Shot Through the Heart

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Rachel Rafeq
Rachel Rafeq
Emergency medicine pharmacist and toxicology enthusiast. Trained in medication safety and I apply that to everything. I love photography and world schooling my kids.

The Pre-brief

Modern-day medicine doesn’t quite utilize intracardiac epinephrine, however, every now and then it resurfaces during cardiopulmonary resuscitation. Intracardiac injection was first reported in the early 1920’s in patients that underwent chloroform anesthesia who sustained cardiac arrest. Today it is generally utilized in cardiac arrest with open thoracotomy.  

Introduction

In patients with asystole, pulseless electrical activity (PEA), or pulseless ventricular tachycardia or ventricular fibrillation, epinephrine is considered the standard of care. The preferred route of epinephrine is intravenous or intraosseous when intravenous is not available. However, when vascular access is not available or in patients undergoing open cardiac massage (emergent thoracotomy), intracardiac epinephrine should be utilized. 

The 2000 ACC guidelines for advanced cardiac life support recommend that intracardiac administration should only be used during open cardiac massage or when other routes of administration are unavailable.  This is likely because intracardiac injections increase the risk of coronary artery laceration, cardiac tamponade, and pneumothorax. Intracardiac injections also cause interruption of external chest compression and ventilation.

Closed Chest Administration Techniques 

In the rare event that intracardiac administration is required during closed-chest compressions, there are two primary methods to administer. 

1)  Subxiphoid 

  • Stop CPR and stop ventilating the patient to allow the lungs to passively deflate
  • Identify the spot 1 cm to the left of the patients xiphoid process in the costosternal angle 
  • Insert the needle (bevel up) at a 30-40 degree angle to the skin of the abdominal wall and aimed towards the patients left shoulder
  • Advance the needle until blood flows freely into the syringe (be sure to apply negative pressure to the syringe while advancing it). Once this occurs it means the tip of the needle is in the cardiac chamber and epinephrine can quickly be injected. 
  • Resume CPR and ventilation. 
  • If for any reason the attempt is unsuccessful (for example the needle is plugged with subcutaneous fat) resume CPR and ventilation until another dose can be prepared and administered.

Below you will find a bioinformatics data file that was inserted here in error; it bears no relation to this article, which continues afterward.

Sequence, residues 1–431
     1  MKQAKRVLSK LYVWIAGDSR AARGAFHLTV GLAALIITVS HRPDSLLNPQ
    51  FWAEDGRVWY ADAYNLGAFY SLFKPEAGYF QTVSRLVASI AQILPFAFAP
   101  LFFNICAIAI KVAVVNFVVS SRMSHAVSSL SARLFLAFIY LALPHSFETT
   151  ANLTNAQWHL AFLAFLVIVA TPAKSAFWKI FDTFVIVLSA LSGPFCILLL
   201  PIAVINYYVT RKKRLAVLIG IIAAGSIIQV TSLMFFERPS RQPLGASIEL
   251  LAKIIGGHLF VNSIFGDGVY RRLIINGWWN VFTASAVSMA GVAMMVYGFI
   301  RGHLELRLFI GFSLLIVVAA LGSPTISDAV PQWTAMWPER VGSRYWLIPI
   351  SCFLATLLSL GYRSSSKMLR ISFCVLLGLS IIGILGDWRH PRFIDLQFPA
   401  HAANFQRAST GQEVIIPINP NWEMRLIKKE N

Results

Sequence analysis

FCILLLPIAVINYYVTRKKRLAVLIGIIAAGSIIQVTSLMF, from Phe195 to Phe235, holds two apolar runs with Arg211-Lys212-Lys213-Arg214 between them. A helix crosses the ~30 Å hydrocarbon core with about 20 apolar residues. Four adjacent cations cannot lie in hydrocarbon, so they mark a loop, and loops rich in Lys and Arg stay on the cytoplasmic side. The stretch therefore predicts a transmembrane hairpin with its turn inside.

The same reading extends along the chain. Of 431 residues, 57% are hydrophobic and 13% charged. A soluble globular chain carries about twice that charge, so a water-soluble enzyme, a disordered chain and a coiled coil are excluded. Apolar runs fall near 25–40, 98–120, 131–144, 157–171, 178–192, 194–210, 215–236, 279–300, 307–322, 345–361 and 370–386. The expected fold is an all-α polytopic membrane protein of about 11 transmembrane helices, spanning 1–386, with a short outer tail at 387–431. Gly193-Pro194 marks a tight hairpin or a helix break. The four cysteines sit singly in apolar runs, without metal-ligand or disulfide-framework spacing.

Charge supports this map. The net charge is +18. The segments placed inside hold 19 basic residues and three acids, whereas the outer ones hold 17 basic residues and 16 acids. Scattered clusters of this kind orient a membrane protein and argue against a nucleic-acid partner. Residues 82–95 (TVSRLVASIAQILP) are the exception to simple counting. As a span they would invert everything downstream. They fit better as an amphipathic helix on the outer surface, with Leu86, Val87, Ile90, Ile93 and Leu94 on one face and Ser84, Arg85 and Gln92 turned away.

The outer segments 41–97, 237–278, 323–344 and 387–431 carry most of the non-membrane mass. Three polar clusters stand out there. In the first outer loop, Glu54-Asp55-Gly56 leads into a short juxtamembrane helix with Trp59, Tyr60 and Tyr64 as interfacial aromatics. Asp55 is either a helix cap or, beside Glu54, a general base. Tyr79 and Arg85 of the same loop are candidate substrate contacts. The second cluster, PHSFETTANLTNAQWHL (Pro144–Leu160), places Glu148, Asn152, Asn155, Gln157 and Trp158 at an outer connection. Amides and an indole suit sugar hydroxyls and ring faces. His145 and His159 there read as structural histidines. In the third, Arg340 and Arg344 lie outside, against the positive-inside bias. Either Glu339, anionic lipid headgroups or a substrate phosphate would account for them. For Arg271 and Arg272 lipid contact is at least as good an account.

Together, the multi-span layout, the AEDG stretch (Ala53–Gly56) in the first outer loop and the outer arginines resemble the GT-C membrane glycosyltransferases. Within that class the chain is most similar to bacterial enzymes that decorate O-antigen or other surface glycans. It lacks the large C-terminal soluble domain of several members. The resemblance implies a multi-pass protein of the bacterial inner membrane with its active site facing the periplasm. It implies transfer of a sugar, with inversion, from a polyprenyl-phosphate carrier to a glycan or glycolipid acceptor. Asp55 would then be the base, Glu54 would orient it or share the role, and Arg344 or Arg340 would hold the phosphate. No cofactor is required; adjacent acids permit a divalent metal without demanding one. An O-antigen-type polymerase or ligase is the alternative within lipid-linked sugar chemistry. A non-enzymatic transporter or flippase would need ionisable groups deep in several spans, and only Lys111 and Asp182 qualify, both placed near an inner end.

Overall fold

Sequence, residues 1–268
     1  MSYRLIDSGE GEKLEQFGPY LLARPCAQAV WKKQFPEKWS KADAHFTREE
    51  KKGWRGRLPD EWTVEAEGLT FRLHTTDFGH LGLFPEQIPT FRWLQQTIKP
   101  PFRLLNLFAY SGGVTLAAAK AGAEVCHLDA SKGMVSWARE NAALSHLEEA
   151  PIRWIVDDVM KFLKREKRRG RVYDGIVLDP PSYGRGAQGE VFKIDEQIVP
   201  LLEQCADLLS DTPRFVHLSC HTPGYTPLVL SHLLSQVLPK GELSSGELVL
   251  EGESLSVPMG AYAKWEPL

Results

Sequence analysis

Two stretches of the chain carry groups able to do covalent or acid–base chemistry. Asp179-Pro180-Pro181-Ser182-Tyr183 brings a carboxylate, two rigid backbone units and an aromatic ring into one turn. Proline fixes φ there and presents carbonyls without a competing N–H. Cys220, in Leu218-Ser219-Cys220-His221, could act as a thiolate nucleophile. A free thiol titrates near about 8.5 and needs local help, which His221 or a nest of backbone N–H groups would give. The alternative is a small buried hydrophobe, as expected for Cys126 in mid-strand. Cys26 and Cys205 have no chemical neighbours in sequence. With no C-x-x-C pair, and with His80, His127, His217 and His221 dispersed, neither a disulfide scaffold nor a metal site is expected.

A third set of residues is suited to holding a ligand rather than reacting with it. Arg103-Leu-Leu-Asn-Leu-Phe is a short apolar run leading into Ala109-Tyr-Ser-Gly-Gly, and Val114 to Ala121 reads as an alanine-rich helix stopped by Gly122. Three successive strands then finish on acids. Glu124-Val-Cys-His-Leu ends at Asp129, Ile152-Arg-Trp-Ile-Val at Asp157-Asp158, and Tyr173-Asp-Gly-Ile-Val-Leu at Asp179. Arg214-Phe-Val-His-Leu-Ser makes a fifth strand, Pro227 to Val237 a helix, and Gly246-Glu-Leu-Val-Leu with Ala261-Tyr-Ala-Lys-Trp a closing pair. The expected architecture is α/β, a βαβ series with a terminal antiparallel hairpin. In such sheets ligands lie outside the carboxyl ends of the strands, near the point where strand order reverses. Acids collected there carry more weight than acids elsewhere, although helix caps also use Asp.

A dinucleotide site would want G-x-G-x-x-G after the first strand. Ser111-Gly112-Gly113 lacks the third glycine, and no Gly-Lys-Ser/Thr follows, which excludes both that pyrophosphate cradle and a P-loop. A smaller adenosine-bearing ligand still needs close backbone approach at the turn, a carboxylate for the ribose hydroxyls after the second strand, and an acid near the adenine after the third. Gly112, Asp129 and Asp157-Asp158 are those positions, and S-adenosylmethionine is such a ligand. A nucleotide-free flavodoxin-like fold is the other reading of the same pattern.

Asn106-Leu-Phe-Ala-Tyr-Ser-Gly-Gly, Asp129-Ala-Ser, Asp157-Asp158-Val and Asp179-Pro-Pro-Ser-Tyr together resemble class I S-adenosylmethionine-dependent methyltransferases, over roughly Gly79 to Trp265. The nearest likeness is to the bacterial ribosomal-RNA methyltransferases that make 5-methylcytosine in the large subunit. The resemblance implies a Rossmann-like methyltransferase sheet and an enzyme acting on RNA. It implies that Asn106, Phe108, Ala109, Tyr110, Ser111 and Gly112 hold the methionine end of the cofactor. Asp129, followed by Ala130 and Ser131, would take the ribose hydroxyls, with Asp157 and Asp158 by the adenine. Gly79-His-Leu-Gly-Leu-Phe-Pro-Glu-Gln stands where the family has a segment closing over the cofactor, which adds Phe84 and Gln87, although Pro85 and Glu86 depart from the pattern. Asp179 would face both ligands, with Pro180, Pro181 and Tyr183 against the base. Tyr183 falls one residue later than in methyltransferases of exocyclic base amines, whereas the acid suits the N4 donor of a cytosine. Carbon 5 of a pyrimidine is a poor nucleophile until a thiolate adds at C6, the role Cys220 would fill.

1. Left Parasternal 
  • Stop CPR and stop ventilating the patient to allow the lungs to passively deflate
  • Insert the needle perpendicular to the chest wall (approximately 1 cm lateral to the left sternal border). Stabilize the needle with one hand and the syringe with the other 
  • Advance the needle until blood flows freely into the syringe (be sure to apply negative pressure to the syringe while advancing it). Once this occurs it means the tip of the needle is in the cardiac chamber and epinephrine can quickly be injected. 
  • Resume CPR and ventilation.

Administration Technique during Open Chest Thoracotomy 

During open chest thoracotomy, the medication may be directly injected into the ventricle. There is not enough data to support the left ventricle over the right ventricle although left is preferred. 

Needle Size

For a closed chest, an 18 gauge spinal needle or 18 gauge 3 ½ inch needle should be utilized. This length allows for the appropriate depth required to reach the pericardium- the tip of the needle should go through the myocardium and into the cardiac chamber. 

In an open chest, a long spinal needle is not required. 

Dose

The dose of intracardiac Eepinephrine remains the same as standard intravenous or intraosseous epinephrine which is 1 mg.  

Epinephrine Concentration 

There is no clear guidance on which concentration of epinephrine should be used.  Historically, intracardiac epinephrine was manufactured as epinephrine 1 mg/10 mL with a 3.5 inch needle for intracardiac use, which is not removable nor compatible with needleless tubing/systems. However, there have been articles which have demonstrated the safe use of epinephrine 1 mg/1 mL. Ultimately this means that if you are at the phase of using intracardiac epinephrine in your patient, then use what you have available. 

The Debrief

  • While antiquated and no longer recommended in closed chest cardiac arrest, intracardiac epinephrine remains to be an appropriate method of administration during open chest thoracotomy cardiac arrest.  
  • The dose of intracardiac epinephrine is 1 mg which can be prepared as 1 mg/mL or 1 mg/10 mL based on availability. 
  • Needle length should be 3.5 inches in closed-chest cases, however this is not necessary in the case of an open chest. 
  • Administration technique varies, but during open chest, aim for the left ventricle and inject the medication quickly followed by cardiac massage immediately after. 

References

  1. Chapter 37. Intracardiac Injection. In: Reichman EF. Eds. Emergency Medicine Procedures, 2e. McGrawHill; 2013. Access October 27, 2021. Chapter 37. Intracardiac Injection | Emergency Medicine Procedures, 2e | AccessEmergency Medicine | McGraw Hill Medical (mhmedical.com)
  2. Lamberg JJ, Malhotra AK, McAlevy ME (2013) Intracardiac Epinephrine Injection during Open Thoracotomy and Circulatory Arrest. J Anesthe Clinic Res 4: 341. doi:10.4172/2155-6148.1000341

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